The key to managing chronic joint pain

Mike Hurley from the Health Innovation Network (Academic Health Science Network for south London) explains how they are helping people to self-manage their chronic joint pain.

The increasing burden of an ageing population on NHS services is well documented. GP’s are doing their best to cope with the ever increasing demand on services; sometimes lacking both capacity and expertise to support people to change their behaviour and adopt healthier lifestyles.

Patients with long term conditions, such as osteoarthritis (OA) often tell us they feel GP’s are unable to help, at best they are prescribed palliative medication which they tell us they don’t like to take and at worst they are told it is just part of “getting older”. Despite this patients are unsure of where else to turn for advice and support.

Self-management is a hot topic in healthcare at the moment, often heralded as the answer to some of the NHS’s most complex problems. But does it really work?

At the Health Innovation Network (Academic Health Science Network for South London) we have been focusing on helping people to self-manage their chronic joint pain and have piloted a new approach to managing osteoarthritis (OA) in Primary Care – the Joint Pain Advisor.

The Joint Pain Advisor takes the form of up to four 30 minute face-to-face consultations between the Advisors and people with hip or knee OA.  People attend an assessment where they discuss their lifestyle, challenges and personal goals and then jointly develop a personalised care plan which gives tailored advice and support based on NICE guidelines for the management of OA. People are then invited to attend reviews after three weeks, six-eight weeks and six months to access further tailored support and advice.

To date over 500 patients have used this service and reported less pain, better function and higher activity levels. A high satisfaction rate was achieved which included reduced BMI, body weight and waist circumference and has led to fewer GP consultations, investigations and onward referrals.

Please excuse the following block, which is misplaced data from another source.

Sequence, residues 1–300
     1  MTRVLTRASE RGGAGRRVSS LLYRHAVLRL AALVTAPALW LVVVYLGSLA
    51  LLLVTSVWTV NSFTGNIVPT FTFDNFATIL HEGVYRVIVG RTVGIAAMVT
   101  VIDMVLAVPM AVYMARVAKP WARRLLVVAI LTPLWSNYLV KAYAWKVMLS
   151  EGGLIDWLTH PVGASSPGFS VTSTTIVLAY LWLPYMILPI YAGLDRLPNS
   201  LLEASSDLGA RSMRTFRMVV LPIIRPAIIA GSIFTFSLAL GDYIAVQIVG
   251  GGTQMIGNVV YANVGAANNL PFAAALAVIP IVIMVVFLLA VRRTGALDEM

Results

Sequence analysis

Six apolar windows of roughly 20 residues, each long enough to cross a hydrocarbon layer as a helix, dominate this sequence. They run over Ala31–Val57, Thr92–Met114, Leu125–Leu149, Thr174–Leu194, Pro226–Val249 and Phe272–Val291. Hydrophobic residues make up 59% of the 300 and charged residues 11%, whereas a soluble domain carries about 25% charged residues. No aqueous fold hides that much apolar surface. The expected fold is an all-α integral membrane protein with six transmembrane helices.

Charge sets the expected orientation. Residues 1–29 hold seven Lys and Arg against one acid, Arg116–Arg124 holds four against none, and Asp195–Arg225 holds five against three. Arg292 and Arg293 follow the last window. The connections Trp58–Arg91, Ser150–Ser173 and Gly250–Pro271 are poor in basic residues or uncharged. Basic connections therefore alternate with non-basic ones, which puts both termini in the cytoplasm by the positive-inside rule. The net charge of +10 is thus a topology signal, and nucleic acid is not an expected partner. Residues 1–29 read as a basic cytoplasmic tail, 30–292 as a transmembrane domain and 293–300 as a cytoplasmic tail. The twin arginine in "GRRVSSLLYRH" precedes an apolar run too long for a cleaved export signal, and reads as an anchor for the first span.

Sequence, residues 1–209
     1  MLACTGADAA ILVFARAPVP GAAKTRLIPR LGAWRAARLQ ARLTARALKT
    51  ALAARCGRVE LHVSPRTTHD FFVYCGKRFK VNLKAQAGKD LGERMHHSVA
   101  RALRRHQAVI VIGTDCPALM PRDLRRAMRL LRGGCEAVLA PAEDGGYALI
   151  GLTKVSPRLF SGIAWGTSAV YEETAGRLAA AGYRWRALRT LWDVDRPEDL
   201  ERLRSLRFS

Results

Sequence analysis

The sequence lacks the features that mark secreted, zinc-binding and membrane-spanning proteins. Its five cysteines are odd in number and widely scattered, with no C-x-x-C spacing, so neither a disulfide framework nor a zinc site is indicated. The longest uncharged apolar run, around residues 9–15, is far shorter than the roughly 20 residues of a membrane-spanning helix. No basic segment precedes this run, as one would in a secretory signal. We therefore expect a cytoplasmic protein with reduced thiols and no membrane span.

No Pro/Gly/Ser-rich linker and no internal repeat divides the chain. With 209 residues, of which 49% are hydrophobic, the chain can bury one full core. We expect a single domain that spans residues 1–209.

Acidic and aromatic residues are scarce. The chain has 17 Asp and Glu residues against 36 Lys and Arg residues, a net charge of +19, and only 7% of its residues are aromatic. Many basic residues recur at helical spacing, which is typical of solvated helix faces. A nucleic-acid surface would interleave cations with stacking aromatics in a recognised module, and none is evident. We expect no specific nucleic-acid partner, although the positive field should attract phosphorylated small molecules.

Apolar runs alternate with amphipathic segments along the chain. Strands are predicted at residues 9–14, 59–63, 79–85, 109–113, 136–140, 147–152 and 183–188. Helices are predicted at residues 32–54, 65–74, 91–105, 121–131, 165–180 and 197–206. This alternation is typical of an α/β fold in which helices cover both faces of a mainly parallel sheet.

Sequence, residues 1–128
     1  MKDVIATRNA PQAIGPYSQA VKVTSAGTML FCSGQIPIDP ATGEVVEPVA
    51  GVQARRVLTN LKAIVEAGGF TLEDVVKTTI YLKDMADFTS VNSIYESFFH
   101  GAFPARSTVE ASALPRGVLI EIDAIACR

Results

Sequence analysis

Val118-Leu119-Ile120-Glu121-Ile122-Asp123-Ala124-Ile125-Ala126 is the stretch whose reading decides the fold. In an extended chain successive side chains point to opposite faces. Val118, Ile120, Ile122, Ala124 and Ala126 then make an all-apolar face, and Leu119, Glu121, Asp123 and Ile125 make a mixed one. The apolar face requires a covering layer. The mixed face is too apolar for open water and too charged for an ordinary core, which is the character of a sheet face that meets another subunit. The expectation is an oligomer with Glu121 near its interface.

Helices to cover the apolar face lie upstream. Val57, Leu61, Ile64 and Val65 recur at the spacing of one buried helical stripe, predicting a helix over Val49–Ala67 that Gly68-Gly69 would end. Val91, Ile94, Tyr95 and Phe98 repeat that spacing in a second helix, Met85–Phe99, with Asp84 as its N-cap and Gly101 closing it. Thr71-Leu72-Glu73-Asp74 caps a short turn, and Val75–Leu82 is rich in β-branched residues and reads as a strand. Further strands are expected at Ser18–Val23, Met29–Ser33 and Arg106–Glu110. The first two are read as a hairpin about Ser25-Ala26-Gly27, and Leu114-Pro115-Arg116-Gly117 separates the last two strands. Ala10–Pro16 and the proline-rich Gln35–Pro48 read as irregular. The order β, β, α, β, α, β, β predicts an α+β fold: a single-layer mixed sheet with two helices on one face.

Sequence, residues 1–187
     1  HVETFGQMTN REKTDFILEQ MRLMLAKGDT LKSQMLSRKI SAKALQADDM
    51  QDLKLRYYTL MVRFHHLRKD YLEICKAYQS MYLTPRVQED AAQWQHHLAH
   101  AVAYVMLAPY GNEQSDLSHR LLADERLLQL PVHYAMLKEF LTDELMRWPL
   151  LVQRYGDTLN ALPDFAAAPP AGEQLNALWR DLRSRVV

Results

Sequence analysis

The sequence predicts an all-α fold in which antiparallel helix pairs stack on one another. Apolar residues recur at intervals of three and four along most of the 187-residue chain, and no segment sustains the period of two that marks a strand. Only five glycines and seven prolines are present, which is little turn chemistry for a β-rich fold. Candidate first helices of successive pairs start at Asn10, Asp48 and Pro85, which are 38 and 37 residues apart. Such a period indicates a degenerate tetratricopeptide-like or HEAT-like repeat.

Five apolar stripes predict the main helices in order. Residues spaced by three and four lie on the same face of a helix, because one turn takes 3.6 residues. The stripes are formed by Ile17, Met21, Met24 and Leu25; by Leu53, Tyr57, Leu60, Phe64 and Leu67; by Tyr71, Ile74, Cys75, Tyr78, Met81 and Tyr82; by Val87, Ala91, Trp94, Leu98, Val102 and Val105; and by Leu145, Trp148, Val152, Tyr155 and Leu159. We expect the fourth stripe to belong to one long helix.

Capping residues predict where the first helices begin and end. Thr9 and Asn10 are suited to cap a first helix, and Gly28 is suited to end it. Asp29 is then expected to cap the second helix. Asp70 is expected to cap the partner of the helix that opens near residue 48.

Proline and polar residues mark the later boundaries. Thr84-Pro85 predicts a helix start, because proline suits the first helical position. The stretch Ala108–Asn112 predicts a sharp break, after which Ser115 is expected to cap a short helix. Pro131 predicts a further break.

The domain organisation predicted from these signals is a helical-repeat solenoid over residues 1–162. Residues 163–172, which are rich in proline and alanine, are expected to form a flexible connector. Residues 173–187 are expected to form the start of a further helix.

In our original study we used physiotherapists as Joint Pain Advisors but recently we have worked with Health Trainers and Coaches. We think that the Joint Pain Advisor could significantly reduce the cost of helping people with chronic joint pain.

Find out more about Joint Pain Advisor and join the webinar to be held on Friday 24 March.

You can also contact us at the Health Innovation Network by emailing, Project Manager, MSK theme.

Mike Hurley

Professor Michael Hurley, Clinical Director – Musculoskeletal Programme

Health Innovation Network (Academic Health Science Network for South London)

Mike Hurley qualified as a physiotherapist in 1985. He was Lecturer, Reader and Professor in Physiotherapy at Kings College London until moving to the School of Rehabilitation Sciences at St George’s University of London in 2010.

His areas of interest are devising and evaluating exercise-based rehabilitation chronic joint pain, rheumatic conditions, falls and dementia. He has conducted several large trials in primary and secondary care. He works closely with healthcare users, clinicians and commissioners to ensure the interventions developed are clinically practicable, in order to facilitate wide clinical implementation.

He has published over 65 papers. In July 2013 he was appointed Clinical Director for the Musculoskeletal Programme of the Health Innovation Network South London (an Academic Health Science Network) to promote implementation of best practice for people with musculoskeletal conditions across the twelve South London boroughs.

ESCAPE-pain is a rehabilitation programme for people with chronic knee and/or hip pain. It has an extensive evidence base that shows it is effective, cost-effective and popular, with large potential savings in healthcare. As of August 2016 it was being delivered in almost 30 centres across the UK and over 2000 people had benefitted.


  1. Beryl Parsons says:

    I can find no help for people with arthritic hand conditions. Ibuprofen gel and/or tablets are of little use and the tabs give very limited and temporary relief. I’ve tried to look for dietary changes that might help but the only things out there are money-making projects – ie OUR book or OUR pills. Is any-one concentrating on this area? the inability to use one’s hands is very restricting.

  2. Kassander says:

    “The increasing burden of an ageing population on NHS services is well documented.”
    Goodness gracious me!

  3. Antonn Mann says:

    “The increasing burden of an ageing population on NHS services is well documented.”
    The sooner we have euthanasia the better, eeh?

  4. Steve Brown says:

    What a surprise! Physio GP bashes on NHS England’s behalf. His solution? More physios.

    Hi sentiments on GPs is nothing short of slanderous.

    • Kassander says:

      I agree – He’s a very naughty boy – and when Lynne Truss sees that a Professor doesn’t know the difference between “GP’s” and “GPs” she’ll probably set her panda on him.